Statements of grief, support, and frustration poured in from around the country after a gunman opened fire on congregants at a synagogue in Pennsylvania on Saturday, killing at least 11 people and wounding six others. Among them was President Barack Obama, who responded to the Pittsburgh synagogue shooting with a call for Americans to fight "the hateful rhetoric against those who look, love, or pray differently."
"We grieve for the Americans murdered in Pittsburgh," Obama said on Twitter late Saturday. "All of us have to fight the rise of anti-Semitism and hateful rhetoric against those who look, love, or pray differently."
Pittsburgh police reported taking a suspect into custody late Saturday morning, shortly after responding to reports of an active shooter at The Tree of Life Synagogue in the city's Squirrel Hill neighborhood. According to police, the gunman yelled an anti-Semitic slur just prior to opening fire on congregants, who were gathered for Shabbat services and a bris. Four police officers were wounded as authorities worked to subdue the suspected shooter.
But along with urging Americans to reject anti-Semitism and hateful rhetoric directed against those who may be different than them, former President Obama also called for stricter gun safety laws. "We have to stop making it so easy for those who want to harm the innocent to get their hands on a gun," he tweeted. According to The Washington Post, the gunman was armed with an with AR-15-style assault rifle and multiple handguns.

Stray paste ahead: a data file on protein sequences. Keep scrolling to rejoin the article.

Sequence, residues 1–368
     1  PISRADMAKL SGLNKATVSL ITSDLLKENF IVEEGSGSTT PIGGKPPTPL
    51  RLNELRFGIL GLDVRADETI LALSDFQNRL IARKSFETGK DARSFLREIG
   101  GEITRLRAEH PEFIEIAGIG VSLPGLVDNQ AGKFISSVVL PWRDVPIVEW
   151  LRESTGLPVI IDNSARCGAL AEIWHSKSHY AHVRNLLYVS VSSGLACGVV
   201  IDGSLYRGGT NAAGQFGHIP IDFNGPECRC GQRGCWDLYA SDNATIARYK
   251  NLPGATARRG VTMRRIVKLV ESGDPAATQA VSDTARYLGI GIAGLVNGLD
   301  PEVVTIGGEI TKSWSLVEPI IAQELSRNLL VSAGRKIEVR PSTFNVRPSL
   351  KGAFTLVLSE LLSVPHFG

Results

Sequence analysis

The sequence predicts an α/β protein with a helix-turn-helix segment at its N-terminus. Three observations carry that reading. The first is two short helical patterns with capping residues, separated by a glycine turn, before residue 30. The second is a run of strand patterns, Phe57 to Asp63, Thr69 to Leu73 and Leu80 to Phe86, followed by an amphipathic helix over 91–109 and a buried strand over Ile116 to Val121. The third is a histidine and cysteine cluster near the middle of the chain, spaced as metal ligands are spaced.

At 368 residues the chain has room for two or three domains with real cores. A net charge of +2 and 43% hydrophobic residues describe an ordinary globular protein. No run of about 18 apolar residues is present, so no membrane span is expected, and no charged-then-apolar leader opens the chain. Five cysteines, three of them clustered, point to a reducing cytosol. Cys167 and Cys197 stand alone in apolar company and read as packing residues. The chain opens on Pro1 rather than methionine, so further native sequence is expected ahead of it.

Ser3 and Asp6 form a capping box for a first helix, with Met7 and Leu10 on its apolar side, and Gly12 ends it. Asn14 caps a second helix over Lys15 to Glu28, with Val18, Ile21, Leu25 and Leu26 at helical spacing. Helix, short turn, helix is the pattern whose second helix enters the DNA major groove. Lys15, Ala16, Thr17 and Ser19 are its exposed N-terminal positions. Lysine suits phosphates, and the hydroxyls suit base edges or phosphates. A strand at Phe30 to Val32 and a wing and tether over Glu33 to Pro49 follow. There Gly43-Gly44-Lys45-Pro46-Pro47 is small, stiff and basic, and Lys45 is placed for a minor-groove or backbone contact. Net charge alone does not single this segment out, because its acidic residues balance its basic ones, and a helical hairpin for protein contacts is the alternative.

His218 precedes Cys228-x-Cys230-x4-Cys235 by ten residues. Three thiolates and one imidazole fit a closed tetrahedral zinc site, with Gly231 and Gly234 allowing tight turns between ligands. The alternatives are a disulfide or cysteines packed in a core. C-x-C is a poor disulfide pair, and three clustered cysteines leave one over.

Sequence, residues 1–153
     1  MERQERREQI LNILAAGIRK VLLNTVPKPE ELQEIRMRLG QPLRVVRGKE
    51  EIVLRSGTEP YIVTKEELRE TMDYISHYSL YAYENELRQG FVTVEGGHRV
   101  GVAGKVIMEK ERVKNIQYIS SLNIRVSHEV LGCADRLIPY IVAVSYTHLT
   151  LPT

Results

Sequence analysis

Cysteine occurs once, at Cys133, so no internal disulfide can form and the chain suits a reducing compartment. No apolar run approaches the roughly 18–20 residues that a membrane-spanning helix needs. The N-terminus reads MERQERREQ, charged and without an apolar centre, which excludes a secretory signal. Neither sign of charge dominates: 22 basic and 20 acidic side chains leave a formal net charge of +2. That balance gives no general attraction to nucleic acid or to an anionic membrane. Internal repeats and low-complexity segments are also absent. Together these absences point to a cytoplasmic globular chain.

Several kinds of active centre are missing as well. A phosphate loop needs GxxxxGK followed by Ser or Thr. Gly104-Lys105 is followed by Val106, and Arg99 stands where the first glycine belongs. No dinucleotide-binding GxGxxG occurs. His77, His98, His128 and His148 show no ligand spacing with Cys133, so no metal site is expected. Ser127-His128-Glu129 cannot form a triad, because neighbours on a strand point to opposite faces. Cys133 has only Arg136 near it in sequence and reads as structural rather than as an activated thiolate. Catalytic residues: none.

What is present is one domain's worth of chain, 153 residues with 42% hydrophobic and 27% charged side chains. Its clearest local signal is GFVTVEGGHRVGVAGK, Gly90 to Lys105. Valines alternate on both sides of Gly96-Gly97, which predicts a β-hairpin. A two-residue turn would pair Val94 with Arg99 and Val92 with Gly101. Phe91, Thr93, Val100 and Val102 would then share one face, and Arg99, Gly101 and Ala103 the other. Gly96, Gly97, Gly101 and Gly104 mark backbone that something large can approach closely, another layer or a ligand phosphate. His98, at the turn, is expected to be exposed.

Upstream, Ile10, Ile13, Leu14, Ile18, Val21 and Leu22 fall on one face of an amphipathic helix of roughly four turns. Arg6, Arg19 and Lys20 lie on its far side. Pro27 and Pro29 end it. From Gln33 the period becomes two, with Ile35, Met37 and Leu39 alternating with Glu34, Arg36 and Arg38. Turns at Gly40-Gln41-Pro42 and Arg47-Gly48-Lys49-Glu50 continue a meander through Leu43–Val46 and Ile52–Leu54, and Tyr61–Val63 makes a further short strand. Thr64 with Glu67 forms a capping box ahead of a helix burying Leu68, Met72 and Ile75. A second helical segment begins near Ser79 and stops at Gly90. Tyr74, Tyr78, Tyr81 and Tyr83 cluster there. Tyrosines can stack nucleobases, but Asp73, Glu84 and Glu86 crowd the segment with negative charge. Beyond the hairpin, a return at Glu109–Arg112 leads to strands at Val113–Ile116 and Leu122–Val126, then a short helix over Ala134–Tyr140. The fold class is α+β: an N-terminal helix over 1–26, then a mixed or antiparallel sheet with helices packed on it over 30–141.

In contrast, President Donald Trump appeared to suggest the attack on Pittsburgh's Tree of Life Synagogue might not have been as deadly had the synagogue had armed security. "[The shooting] has little to do with [gun laws], if you take a look," the president told reporters just hours after the shooting when asked if he thought it would renew debate on gun safety. "If they had protection inside, the results would have been far better. This is a dispute that will always exist, I suspect, but if they had some kind of a protection inside the temple maybe it could have been a much better situation. They didn't."
As Democrats called for bipartisan legislation on common sense gun control measures, President Trump appeared to double down on his belief that good guys with guns may have thwarted the attack. "This is a case where if they had an armed guard inside they may have been able to stop him immediately," Trump said later in the day while speaking in Illinois. "Maybe there would have been nobody killed, except for him maybe."
On Twitter, however, Trump appeared to be more conciliatory, calling the shooting an "evil anti-Semitic attack" and "an assault on humanity" and noting "we must unite to conquer hate."
"It will take all of us working together to extract the poison of Anti-Semitism from our world," he tweeted.
According to The New York Times, the suspected shooter has been charged with 29 criminal counts, including using a firearm to commit an act of murder and obstructing an individual's free exercise of religious beliefs, which is considered to be a hate crime. The suspected gunman also faces 13 counts of ethnic intimidation, 11 counts of criminal homicide, and six counts aggravated assault, the paper has reported.